Reasoned Approach Needed On Medical Cannabis Plants


I miss the days when Kathys Diner was open in downtown Northampton. My wife and I would bring our kids there for breakfast on Saturday mornings. Police officers often sat at the counter and my son would chat with them, enamored of their presence and smart uniforms.

This was before the National Guard, state police and local officers raided my home to collect the medical cannabis plants they spied from their military helicopters. I was never found guilty of a crime, in large part due to community support, but the experience left my 8-year-old son wondering if his father was going to be taken away every time a helicopter flies over.

Margaret Holcomb, the 81-year-old Amherst resident who was raided for a single plant in the same manner, a year and a day after I was, is not a stoner looking to get high. She (and many in her demographic who are now fearful of a similar fate) are law-abiding community members who choose to use a plant instead of a big-pharma pill to treat aches and pains and get a good nights sleep.

If you, or a family member, are dealing with chronic ailments, certainly you know that not all pharmaceuticals are miracle cures. Months before I was raided, I confidentially guided a local police officer in the use of medical cannabis. He felt the opiates he was prescribed for pain were worse than the risk of breaking the law.

Medical cannabis will never fit nicely into the Food and Drug Administration model of pharmaceuticals because it is a plant one can grow in ones back yard. The compounds are too complex, the potential for profit too low. Its not for lack of medical evidence. Type cannabinoid scholarly into an internet search and read the scientific data that federal agencies – unaffiliated with the Drug Enforcement Agency – present to the public.

Meanwhile, legal marijuana dispensaries in Massachusetts have sold thousands of pounds of marijuana, cookies, chocolates and processed concentrates since they opened last year. Not a single direct fatality has occurred, yet in the same period, hundreds in the state have died from FDA-approved drug overdoses, alcohol poisonings, and medical error. Holcombs plant could conceivably have been grown from a seed found in legal cannabis. Those who write and enforce the law might benefit from brushing up on the laws of plant biology.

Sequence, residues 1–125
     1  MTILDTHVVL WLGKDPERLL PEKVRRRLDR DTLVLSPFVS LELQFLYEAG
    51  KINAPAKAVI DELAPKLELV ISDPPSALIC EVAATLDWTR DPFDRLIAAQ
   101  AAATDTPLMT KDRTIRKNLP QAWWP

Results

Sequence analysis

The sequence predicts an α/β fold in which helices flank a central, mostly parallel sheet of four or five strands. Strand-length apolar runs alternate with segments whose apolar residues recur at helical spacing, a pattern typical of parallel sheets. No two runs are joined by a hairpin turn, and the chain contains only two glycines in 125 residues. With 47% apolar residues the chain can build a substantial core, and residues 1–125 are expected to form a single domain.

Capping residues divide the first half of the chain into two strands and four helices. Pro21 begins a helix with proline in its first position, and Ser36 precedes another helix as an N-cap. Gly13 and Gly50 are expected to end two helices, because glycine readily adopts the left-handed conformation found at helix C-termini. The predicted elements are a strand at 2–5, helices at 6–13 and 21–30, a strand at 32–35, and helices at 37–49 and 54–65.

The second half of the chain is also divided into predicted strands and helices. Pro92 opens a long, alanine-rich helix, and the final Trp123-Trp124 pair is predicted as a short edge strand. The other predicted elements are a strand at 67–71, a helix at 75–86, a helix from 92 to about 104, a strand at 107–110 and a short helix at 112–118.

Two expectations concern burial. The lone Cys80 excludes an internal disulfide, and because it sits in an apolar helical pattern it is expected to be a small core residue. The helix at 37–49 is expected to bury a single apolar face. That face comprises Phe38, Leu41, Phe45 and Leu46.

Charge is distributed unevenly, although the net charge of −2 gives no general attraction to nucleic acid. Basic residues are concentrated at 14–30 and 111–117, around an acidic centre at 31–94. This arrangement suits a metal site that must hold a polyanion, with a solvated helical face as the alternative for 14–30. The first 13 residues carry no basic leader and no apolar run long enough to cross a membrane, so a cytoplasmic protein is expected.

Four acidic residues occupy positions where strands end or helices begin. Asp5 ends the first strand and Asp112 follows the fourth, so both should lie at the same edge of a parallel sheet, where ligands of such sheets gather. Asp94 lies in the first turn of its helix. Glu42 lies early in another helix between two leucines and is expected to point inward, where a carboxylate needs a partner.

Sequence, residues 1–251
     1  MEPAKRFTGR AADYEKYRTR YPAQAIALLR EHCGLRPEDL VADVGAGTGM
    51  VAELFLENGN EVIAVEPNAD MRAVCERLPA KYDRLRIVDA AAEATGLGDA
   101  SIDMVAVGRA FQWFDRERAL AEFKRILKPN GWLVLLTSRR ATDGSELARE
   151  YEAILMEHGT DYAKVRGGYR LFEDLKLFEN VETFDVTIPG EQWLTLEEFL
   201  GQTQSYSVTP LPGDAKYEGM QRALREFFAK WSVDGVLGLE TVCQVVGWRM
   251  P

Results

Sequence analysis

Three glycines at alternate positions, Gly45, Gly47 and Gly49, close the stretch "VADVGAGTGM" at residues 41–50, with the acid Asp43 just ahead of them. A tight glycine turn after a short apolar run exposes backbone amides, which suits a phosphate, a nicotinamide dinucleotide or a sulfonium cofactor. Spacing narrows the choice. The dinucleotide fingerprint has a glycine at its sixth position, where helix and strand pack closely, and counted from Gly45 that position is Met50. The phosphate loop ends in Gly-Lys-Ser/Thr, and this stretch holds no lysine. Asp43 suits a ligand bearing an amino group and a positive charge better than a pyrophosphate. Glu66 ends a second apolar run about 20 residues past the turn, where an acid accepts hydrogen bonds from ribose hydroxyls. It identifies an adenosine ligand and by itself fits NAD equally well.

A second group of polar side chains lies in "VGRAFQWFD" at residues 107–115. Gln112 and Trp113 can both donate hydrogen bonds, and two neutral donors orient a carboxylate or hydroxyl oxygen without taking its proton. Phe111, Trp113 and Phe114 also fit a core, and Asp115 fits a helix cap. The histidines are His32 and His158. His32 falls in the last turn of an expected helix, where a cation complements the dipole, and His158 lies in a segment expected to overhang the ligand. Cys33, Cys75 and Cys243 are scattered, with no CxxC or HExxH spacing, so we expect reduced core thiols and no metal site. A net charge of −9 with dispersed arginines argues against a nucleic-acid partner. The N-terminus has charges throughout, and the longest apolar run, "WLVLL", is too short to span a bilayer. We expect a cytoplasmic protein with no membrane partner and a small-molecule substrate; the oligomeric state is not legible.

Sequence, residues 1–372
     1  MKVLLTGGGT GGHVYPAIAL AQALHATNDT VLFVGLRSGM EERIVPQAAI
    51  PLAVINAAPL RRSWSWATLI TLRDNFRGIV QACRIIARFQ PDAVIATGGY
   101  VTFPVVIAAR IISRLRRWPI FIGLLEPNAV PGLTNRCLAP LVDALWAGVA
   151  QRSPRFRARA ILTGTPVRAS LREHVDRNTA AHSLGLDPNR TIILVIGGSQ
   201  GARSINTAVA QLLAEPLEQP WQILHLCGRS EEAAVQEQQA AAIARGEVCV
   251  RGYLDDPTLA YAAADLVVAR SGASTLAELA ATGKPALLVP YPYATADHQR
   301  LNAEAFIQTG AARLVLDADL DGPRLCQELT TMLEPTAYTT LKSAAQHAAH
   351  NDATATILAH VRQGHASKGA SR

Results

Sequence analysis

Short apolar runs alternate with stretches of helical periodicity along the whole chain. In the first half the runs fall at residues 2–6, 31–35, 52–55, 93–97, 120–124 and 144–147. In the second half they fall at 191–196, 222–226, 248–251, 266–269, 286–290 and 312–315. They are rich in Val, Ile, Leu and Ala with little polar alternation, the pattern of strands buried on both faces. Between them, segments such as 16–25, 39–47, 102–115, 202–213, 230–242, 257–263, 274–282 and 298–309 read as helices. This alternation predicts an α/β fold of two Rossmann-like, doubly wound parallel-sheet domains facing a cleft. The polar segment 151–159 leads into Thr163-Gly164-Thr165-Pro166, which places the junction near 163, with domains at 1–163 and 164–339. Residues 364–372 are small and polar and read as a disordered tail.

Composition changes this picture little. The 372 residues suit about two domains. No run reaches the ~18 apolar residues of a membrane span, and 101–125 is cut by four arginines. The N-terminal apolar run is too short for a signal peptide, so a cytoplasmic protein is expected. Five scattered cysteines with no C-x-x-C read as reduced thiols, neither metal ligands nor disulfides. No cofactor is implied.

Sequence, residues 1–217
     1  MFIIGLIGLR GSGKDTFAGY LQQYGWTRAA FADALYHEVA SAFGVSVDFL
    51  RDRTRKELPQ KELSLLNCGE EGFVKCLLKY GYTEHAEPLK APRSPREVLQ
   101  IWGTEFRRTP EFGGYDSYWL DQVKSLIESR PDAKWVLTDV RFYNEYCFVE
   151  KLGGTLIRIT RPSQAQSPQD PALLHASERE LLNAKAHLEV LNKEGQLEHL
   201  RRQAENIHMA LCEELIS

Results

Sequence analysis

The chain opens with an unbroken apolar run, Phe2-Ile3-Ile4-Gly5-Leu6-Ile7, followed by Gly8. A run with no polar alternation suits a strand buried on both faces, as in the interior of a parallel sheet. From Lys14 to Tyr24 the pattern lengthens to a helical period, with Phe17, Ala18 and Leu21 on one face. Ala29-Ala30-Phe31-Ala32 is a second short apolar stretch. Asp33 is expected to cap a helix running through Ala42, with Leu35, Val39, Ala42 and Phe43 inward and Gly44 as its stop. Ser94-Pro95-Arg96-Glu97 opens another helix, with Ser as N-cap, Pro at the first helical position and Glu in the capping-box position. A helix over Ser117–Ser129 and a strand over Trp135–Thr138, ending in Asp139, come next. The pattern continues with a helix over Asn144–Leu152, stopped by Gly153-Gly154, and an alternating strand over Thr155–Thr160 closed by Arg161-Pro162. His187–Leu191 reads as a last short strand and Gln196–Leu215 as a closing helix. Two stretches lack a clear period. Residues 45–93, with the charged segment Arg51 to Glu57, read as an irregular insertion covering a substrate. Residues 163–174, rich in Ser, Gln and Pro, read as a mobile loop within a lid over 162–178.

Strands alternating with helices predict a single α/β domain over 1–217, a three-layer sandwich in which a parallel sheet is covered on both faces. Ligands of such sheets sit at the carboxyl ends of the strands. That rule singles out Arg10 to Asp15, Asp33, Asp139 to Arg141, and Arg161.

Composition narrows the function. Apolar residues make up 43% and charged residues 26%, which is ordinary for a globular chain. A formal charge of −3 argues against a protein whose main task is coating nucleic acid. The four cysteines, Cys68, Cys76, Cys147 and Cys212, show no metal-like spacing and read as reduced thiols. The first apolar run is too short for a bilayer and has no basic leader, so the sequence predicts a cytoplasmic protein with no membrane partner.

The Pioneer Valley is a well-informed community whose residents know there is a disparity between bona fide scientific fact and the DEAs stance on cannabis. When local law-enforcement acquiesces to military-style tactics to purportedly eradicate contraband, their image in the community weakens.

My children and I have had good talks about my work as a cannabis consultant and the police raid. My son is still traumatized by the idea that my seemingly boring plants could have taken his parents away from him. He doesnt understand why they needed to go into his room or ransack his parents bedroom closet. Because I am a cannabis educator and concerned parent, he also has a healthy fear of cannabis. But the trust and reverence he once felt for the police has diminished.

I miss the days of Kathys Diner when my family chatted with police on neutral ground. I want to make a plea to law enforcement that they seek out unbiased professionals in understanding the danger a lone cannabis plant poses to a community in comparison to the potentially fatal pharmaceuticals present in their own medicine cabinets. Ask an emergency room doctor which is more dangerous.

Is there a net gain in eroding community trust, spending tens of thousands of dollars per raid, and harassing octogenarians when our state has already voted in favor of citizens using this medicinal plant? When law enforcement and the medical community does not embrace science, rational thought and the will of communities in developing thoughtful legislation, big marijuana will swoop in and fill the void. Are plants growing in backyards more dangerous to children than out-of-state corporations churning out maximum product for the highest profit?

I encourage law enforcement communities who say they are unaware that such enforcement actions (are) taking place to find out more and present their findings publicly. Cannabis is here to stay. Lets work together on both sides of the war on drugs to keep our communities safe.

News Moderator: Katelyn Baker
Full Article: Reasoned Approach Needed On Medical Cannabis Plants
Author: Ezra Parzybok
Contact: 413-584-5000
Photo Credit: None Found
Website: Daily Hampshire Gazette